ABSTRACT: We aimed to systematically review the scientific evidence about the use of portable coagulometers for patient's self-management of oral anticoagulant treatment.
Systematic review of scientific evidence available from MEDLINE'S, DARE's, HTA-Database's, NHS-EED's and The Cochrane Library' s bibliographic databases, from their origin to March 2003. Randomized control trials (RCT) and Quasi-Experimental trials were selected provided that they compared patients in self-management with patients under usual care. The quality of scientific evidence was elicited using the Scottish Intercollegiate Guideline Network (SIGN) recommendations, whilst efficacy and security were descriptively summarized.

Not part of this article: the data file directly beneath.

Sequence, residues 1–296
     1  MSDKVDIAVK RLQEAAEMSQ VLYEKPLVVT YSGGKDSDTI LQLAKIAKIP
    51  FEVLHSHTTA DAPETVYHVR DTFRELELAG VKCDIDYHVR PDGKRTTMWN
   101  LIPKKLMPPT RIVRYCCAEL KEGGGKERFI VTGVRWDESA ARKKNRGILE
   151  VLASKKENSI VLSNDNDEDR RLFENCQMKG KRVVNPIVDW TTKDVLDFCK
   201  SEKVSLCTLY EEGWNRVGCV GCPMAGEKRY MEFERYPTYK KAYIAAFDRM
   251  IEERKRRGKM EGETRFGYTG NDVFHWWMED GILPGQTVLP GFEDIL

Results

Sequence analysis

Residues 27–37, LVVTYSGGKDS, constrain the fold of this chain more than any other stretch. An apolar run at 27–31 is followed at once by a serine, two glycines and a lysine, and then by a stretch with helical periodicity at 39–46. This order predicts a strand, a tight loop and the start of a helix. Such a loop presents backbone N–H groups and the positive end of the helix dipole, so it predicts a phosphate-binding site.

Twelve (7 RCT and 5 quasi-experimental trials) articles were found, and only two of them provided grade A recommendation. Patients under self-management remained the same or more time in the therapeutic range. The incidence of adverse effects in self-management patients was the same or less than that in patients under usual care.
The quality of the scientific evidence is heterogeneous. For selected patients, patient's self-management is at least as effective and safe as usual care. New oral anticaogulants, which have shown promising results, should be scrutinized for future changes in service provision.
Medicina Clínica 04/2005; 124(9):321-5. · 1.38 Impact Factor